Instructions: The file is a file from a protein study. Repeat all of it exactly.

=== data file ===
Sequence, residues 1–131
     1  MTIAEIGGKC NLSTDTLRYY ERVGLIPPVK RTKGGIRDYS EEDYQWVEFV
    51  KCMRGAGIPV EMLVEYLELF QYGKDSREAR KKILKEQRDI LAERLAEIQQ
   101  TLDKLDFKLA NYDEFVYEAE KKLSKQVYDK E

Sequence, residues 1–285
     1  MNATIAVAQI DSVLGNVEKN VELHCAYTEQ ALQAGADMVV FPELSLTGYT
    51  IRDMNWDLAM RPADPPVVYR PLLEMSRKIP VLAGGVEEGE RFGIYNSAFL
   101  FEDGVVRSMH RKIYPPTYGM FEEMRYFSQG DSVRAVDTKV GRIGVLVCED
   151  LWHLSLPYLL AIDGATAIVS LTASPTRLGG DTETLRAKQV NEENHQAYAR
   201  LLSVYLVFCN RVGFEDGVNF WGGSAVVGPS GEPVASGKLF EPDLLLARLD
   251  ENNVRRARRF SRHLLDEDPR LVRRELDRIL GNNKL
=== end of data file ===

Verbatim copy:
Sequence, residues 1–131
     1  MTIAEIGGKC NLSTDTLRYY ERVGLIPPVK RTKGGIRDYS EEDYQWVEFV
    51  KCMRGAGIPV EMLVEYLELF QYGKDSREAR KKILKEQRDI LAERLAEIQQ
   101  TLDKLDFKLA NYDEFVYEAE KKLSKQVYDK E

Sequence, residues 1–285
     1  MNATIAVAQI DSVLGNVEKN VELHCAYTEQ ALQAGADMVV FPELSLTGYT
    51  IRDMNWDLAM RPADPPVVYR PLLEMSRKIP VLAGGVEEGE RFGIYNSAFL
   101  FEDGVVRSMH RKIYPPTYGM FEEMRYFSQG DSVRAVDTKV GRIGVLVCED
   151  LWHLSLPYLL AIDGATAIVS LTASPTRLGG DTETLRAKQV NEENHQAYAR
   201  LLSVYLVFCN RVGFEDGVNF WGGSAVVGPS GEPVASGKLF EPDLLLARLD
   251  ENNVRRARRF SRHLLDEDPR LVRRELDRIL GNNKL